Heather kicked us off on the topic of social capital with one of my favourite Big Bang Theory segments (it was also the perfect afternoon pick-me-up for the class). The basis of the clip, and Chapter 10 in Kadushin’s book, is that social networks have value. He explains that we can have social capital as individuals and as groups/communities. While this notion is not a new by any means, it gave me the vocabulary to describe something we talk about all the time.
I was part of a program where business professionals (with some degree of social capital) take on senior undergrad students to mentor them in their transition to industry. The idea of networking was heavily emphasized, as strong and weak ties were important for weaving the community together. The overt efforts to ‘network’ was more of a business-card collecting exercise in the end, but I did take two things away that resonated with me: grant yourself permission to meet whoever you want; and approach every situation by thinking about what you can do for them. Both of these thoughts put me in a positive mental space while reflecting values of safety and effanctance.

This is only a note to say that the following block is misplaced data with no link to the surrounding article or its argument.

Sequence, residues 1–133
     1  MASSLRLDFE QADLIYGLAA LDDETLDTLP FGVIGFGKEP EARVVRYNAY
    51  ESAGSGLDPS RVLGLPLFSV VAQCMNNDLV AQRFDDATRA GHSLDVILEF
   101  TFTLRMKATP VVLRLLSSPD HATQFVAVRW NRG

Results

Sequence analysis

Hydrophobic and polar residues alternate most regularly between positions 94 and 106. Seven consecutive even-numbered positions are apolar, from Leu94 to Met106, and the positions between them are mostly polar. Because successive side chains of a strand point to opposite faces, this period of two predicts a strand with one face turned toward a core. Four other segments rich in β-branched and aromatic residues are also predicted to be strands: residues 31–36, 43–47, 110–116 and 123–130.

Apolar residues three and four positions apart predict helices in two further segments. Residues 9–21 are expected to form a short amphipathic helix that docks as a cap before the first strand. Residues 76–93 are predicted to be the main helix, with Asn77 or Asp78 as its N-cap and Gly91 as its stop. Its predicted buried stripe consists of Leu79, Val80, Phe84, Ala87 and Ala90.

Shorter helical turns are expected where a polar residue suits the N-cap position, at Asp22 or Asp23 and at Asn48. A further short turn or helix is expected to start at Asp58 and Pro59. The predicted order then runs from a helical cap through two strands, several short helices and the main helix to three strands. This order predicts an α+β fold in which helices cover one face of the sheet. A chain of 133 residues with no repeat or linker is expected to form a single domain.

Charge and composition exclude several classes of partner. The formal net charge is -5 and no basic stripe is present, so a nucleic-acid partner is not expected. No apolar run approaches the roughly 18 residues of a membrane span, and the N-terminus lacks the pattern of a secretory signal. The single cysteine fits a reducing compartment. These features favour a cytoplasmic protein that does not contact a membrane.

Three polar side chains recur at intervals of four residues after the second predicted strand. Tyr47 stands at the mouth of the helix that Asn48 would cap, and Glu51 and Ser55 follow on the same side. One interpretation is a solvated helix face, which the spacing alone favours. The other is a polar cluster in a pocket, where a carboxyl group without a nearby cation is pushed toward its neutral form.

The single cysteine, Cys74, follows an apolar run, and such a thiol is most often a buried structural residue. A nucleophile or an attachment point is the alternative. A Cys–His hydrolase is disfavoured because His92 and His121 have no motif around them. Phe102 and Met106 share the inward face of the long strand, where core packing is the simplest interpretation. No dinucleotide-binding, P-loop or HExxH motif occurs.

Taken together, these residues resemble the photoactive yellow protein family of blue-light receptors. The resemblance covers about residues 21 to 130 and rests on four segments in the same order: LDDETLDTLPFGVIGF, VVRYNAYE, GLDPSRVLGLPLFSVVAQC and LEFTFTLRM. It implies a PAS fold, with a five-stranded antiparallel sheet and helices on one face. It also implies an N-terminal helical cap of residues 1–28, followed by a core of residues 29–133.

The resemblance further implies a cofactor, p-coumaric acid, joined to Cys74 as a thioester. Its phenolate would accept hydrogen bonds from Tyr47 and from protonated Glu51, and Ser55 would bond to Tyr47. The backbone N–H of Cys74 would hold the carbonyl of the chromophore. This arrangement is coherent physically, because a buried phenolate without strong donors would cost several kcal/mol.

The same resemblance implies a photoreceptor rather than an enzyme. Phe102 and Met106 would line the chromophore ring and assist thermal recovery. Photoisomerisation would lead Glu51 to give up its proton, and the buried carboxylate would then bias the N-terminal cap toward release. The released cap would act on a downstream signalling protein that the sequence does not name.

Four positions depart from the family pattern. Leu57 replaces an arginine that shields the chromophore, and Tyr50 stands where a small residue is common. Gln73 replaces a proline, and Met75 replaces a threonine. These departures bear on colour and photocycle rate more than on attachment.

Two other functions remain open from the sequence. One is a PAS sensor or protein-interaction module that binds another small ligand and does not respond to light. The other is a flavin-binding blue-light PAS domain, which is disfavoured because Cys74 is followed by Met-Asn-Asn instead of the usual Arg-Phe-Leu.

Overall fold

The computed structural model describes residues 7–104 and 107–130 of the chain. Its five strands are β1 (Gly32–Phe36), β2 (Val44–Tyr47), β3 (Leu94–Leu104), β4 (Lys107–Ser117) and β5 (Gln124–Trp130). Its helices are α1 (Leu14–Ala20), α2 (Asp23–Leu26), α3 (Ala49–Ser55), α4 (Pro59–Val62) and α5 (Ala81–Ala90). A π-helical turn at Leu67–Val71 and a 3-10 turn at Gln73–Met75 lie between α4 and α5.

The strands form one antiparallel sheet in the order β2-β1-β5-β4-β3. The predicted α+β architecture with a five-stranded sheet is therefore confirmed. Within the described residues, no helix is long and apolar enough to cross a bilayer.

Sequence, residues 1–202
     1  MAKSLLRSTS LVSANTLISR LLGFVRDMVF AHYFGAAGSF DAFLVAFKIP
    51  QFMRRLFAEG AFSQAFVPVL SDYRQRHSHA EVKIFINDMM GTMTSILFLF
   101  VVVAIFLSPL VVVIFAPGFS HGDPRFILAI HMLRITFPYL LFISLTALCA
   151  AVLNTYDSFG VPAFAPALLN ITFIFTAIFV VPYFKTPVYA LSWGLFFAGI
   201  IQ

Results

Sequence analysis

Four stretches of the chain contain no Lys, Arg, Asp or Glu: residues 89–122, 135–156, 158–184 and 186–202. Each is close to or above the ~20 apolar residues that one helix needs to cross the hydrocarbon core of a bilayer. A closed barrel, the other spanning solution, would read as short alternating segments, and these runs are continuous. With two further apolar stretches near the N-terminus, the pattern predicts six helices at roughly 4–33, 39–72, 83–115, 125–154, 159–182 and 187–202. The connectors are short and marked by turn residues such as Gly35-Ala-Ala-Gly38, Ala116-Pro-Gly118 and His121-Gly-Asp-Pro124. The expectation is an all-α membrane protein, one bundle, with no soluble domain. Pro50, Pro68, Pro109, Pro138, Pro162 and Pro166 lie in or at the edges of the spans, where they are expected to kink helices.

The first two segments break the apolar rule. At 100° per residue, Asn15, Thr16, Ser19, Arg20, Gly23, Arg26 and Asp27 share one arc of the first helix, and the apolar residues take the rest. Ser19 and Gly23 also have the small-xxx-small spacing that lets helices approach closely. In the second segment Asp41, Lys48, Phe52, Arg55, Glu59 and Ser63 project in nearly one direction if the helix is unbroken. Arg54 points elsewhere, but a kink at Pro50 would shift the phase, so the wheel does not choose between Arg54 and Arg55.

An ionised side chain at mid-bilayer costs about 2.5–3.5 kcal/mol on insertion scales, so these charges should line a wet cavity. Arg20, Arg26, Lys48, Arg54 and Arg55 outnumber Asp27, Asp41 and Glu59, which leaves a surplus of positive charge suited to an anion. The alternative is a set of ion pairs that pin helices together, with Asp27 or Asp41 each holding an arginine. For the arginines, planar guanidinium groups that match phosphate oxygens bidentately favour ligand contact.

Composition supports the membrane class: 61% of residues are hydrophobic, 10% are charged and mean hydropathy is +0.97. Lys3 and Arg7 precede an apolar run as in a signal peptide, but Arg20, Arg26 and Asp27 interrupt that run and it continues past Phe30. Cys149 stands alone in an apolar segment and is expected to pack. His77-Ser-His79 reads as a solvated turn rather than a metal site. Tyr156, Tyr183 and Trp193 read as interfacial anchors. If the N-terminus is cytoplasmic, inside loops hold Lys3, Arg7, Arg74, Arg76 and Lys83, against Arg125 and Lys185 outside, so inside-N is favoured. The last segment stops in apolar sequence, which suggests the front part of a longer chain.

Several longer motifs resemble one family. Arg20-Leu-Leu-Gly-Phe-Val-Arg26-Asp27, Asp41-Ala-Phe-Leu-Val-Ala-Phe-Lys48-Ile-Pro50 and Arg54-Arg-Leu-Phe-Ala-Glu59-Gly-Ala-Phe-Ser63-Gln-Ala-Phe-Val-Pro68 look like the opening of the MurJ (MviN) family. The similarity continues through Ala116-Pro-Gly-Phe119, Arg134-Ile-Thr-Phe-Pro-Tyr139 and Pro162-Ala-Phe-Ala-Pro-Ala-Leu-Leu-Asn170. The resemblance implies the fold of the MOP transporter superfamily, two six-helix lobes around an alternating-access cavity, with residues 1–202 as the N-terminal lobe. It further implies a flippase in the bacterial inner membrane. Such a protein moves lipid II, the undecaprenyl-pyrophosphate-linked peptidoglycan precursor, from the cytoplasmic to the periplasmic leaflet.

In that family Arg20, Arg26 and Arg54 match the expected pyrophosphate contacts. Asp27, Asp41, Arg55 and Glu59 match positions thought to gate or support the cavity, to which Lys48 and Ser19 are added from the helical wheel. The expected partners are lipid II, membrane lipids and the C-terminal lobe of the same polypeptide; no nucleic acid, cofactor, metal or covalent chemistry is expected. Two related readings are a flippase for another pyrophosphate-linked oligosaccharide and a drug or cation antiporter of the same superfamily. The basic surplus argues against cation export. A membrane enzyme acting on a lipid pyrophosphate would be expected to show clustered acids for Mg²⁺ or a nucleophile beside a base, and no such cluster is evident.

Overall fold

In our discussion about the negatives of social capital, I think sometimes social capital can come unsubstantiated (ie. what Kate said about people who are famous for being famous). It can become a dangerous thing if we celebrate or reinforce role models and leaders who misguide the community. I guess one can argue that ‘unsubstantiated’ is similar to ‘potential’ – which relates to Pierre Bourdieu‘s definition of social capital: “the aggregate of the actual or potential resources which are linked to possession of a durable network of more or less institutionalized relationships of mutual acquaintance and recognition.”